How do I Know if I Need a Dormant Oil Treatment?

    If you’re wondering if your trees, shrubs, and bushes are in need of a dormant oil treatment, the first thing to do is think about how they fared over the past year. Did you see signs of webworm webbing in the branches? Were the leaves being heavily eaten by pests? Did you see an abundance of aphids, mites, or scale insects on the plants? Did you have an issue with army worms in your yard? Did you get your plants treated by The Bug Dude for any of the pests listed in the “Which Pests is Dormant Oil Effective Against?” section? Are you currently seeing pests on the plants? Overall, were the plants healthy and thriving or did they seem to be struggling? If you answered yes to any of these questions, then call The Bug Dude at 817-354-5350 and have an expert technician out to evaluate the plant in question and let you know if it’s a good candidate for a dormant oil treatment.

    When Should I Get a Dormant Oil Treatment?

    As stated earlier, dormant oil is designed to be used during the dormant stage of woody plants, this means sometime between late fall and early spring. As a general guide, it’s after the leaves have fallen and before the tree begins to bud. However, the timing is even more specific than that, because the treatment needs to be done on a day when the temperature is not too warm and not too cold: ideally in the 50 to 70 degree range; it absolutely cannot be done when the temperature is below freezing. Beyond the temperature, the ideal day for a treatment is one with no rain, low humidity, and no wind. When treatment is applied in the ideal conditions, it allows the oil to give complete coverage and ensure utmost efficacy, while also reducing the risk of any plant damage.

    In general, the ideal weather conditions for a dormant oil spray occur mostly in November and March, though with Texas weather being unpredictable at best (remember the record-setting winter storm of 2021), there’s no time like the present to schedule a dormant oil treatment.

    With Thanksgiving fast approaching and Christmas on its heels, it’s easy to get wrapped up in all the joys (and stresses) of the holiday season and forget that your yard needs more attention than simply a good raking and some decorations. So, this Thanksgiving, if you want your trees to be as thankful for you as you are for them, call The Bug Dude at 817-354-5350 and discuss getting a dormant oil treatment done by one of our experts to help keep your plants pest-free and healthy in the coming year.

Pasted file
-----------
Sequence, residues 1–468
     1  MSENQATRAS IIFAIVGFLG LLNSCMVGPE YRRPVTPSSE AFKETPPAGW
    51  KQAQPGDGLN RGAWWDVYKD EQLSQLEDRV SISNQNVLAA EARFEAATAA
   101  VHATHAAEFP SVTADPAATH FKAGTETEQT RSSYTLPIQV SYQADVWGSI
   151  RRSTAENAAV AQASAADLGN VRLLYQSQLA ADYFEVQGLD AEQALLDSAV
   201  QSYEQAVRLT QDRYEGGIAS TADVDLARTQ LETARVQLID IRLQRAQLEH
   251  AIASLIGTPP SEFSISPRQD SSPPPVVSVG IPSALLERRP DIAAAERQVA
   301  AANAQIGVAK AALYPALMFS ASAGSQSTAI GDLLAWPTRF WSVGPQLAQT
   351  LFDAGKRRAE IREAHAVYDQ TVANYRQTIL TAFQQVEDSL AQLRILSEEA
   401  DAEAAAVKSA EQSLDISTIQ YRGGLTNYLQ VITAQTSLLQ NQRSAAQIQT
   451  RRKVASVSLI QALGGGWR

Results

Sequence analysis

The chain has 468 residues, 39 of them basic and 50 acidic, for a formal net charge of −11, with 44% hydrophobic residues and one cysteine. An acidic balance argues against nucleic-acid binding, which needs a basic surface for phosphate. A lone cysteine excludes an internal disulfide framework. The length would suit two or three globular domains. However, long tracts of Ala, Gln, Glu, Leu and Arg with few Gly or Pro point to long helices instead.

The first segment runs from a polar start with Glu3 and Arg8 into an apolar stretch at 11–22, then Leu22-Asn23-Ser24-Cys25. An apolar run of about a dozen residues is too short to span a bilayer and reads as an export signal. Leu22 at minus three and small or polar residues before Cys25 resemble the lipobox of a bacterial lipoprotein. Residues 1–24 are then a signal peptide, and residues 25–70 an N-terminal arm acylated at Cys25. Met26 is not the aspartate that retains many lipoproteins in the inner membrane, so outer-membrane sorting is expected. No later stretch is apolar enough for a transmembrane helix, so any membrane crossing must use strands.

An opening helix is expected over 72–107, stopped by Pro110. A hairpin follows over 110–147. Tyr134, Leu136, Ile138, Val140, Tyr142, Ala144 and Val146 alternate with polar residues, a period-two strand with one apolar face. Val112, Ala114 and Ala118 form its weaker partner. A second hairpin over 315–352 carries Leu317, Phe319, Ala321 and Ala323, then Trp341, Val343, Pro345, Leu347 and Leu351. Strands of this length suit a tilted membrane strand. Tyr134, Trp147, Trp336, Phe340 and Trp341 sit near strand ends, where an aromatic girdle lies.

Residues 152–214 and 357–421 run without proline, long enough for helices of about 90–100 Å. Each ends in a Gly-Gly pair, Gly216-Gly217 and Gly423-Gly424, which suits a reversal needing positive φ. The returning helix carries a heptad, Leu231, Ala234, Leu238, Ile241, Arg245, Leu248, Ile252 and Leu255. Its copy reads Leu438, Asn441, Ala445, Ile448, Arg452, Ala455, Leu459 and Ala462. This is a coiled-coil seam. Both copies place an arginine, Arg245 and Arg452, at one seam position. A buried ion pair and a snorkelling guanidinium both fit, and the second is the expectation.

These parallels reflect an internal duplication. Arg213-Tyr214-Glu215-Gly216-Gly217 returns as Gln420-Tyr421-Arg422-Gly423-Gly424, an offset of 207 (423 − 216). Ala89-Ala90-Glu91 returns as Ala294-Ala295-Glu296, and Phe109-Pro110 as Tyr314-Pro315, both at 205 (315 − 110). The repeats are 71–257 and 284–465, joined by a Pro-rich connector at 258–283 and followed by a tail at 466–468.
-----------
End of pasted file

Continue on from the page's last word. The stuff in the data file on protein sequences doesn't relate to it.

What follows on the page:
Further Reading:

    “Dormant Oil Sprays” – keith.hansen, Texas A&M AgriLife Extension, East Texas Gardening

    “Pesticide Profile: Horticultural Oil” – Miri Talabac, Horticulturist & Coordinator, HGIC, University of Maryland Extension

    “Insect Control: Horticultural Oils – 5.569” – W.S. Cranshaw, Colorado State University Extension entomologist and professor, bioagricultural sciences and pest management; and B. Baxendale, Teikyo Loretto Heights University professor, botany, Denver, Colorado State University Extension

    “Horticultural Oils – What a Gardener Needs to Know” – Martha Barajas, University of Nevada, Reno, Extension: College of Agriculture, Biotechnology & Natural Resources

    Author Bio: Alissa Breach has been gaining knowledge and experience around pest control concerns over the last 13 years while working for Mid-Cities Pest Control. She has a creative writing BA from UW-Madison and is always pursuing new and interesting writing projects.